Black Chalk by Christopher J. Yates

Black ChalkBlack Chalk by Christopher J. Yates

My rating: 2 of 5 stars

I would like to thank the publisher through Netgalley for my advanced reader’s edition of Black Chalk, by Christopher J. Yates.
Before reading this debut novel, I had seen it compared to the cult-classic The Secret History, as well as seen reviews saying it was good, but not brilliant. So I started the novel with the hope that it would be an entertaining psychological chiller, as well as capturing the wonderful, gothic world in an elite British college.
Black Chalk did not fulfill my expectations. To put it succinctly, I was bored through most of the novel, which seemed composed of a tangled web of repetitive, confused thoughts shared with us by our drug-addled narrator.
The premise of the novel, that six friends at college in Oxford invent a game with psychological consequences for the losers, seemed initially interesting. However, in actuality, the game as played seemed immature and superficial. Rather than creating an atmosphere of gothic suspense that I could really sink my teeth into, the game that the six friends created reminded me of the kind of dares that a fraternity would force upon their initiates.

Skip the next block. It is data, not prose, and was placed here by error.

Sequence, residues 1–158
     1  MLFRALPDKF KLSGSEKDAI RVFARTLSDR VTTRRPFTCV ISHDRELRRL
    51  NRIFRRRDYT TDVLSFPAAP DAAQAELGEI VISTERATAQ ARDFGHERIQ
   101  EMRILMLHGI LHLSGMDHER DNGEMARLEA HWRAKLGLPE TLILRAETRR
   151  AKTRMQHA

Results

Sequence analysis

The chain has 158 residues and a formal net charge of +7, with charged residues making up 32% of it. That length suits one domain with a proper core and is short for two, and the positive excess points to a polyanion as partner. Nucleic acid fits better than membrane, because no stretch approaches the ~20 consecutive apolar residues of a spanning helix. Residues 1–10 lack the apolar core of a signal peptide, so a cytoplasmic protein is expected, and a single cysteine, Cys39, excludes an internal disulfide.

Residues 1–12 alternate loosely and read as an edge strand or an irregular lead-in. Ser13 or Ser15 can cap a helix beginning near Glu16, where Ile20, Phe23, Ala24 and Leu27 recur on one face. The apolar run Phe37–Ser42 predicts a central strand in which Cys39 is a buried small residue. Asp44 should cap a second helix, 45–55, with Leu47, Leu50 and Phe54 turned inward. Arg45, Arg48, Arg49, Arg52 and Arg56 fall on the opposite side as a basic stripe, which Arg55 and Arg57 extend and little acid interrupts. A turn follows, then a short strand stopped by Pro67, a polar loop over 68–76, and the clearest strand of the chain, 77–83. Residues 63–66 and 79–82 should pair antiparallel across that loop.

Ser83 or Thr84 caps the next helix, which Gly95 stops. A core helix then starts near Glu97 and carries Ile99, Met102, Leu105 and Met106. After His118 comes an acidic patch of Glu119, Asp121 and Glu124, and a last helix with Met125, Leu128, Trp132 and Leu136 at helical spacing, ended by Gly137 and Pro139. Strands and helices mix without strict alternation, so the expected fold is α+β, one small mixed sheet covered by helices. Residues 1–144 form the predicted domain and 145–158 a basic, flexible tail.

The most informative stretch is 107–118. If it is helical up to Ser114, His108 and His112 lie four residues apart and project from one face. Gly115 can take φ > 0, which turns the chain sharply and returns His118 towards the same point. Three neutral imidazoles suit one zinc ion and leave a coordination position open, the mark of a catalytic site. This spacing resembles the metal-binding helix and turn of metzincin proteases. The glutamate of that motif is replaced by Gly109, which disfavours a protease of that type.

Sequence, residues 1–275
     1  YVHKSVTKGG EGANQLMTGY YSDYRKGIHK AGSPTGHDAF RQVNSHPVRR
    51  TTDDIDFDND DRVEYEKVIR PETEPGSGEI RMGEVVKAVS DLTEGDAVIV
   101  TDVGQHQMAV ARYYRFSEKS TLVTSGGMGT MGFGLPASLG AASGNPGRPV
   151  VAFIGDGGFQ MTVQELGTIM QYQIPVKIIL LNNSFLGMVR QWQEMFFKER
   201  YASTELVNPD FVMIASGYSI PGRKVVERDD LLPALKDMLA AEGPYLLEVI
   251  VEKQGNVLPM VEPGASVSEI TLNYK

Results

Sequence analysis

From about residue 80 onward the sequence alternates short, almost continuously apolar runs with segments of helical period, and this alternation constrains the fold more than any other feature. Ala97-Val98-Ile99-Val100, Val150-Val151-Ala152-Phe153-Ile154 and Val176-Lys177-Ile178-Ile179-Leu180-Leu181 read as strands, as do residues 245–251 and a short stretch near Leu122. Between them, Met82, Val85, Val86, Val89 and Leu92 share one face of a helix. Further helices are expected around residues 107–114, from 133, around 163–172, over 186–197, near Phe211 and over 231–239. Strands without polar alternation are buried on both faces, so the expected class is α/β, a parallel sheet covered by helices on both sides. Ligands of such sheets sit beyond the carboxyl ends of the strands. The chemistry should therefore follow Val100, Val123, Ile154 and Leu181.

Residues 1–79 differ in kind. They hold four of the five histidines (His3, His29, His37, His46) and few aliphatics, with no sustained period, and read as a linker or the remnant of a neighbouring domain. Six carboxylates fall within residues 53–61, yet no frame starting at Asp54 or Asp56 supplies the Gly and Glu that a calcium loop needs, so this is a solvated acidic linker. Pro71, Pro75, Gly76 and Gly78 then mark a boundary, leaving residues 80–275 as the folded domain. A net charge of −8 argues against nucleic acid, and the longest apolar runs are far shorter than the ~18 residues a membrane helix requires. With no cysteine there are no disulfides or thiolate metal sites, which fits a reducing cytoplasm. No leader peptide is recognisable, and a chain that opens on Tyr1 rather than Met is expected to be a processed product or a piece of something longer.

Furthermore, the motivations of the characters were convoluted. The narrator told us over and over how psychologically damaging this game was to him and his friends, but I felt thoroughly unconvinced that anything subversive or complex was going on. I was unable to suspend disbelief or care about any of the characters.
Throughout the novel, there were multiple hints at upcoming reveals, but for the most part, none of this panned out in a satisfying way.
The writing style in Black Chalk also left something to be desired. As a reader, I personally really enjoy novels with a strong sense of place, and I think that Black Chalk is the type of novel that could have benefited from more description. Instead, the focus was mainly on thoughts and dialogue. And as a slight aside, the poetry written by one of the characters, who was supposed to be talented, made me cringe.
Finally, I was shocked by how abruptly the novel ended. As I read the last sentence in a chapter, I thought, “that was weak…surely this can’t be the end of the novel,” but in fact, it was.
I wanted Black Chalk to be enjoyable, to be dark, psychological, and creepy. Unfortunately, it left me just as confused as the narrator, and just as motivated as he was to escape from the Game.

View all my reviews

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2 Comments (+add yours?)

  1. cleopatralovesbooks
    Feb 19, 2014 @ 09:24:27

    What a brilliant review which explains exactly why this book wasn’t for you. I had considered this one but I think I would share the same issues as you did, drug addled narrators isn’t what I want to read.

    Reply

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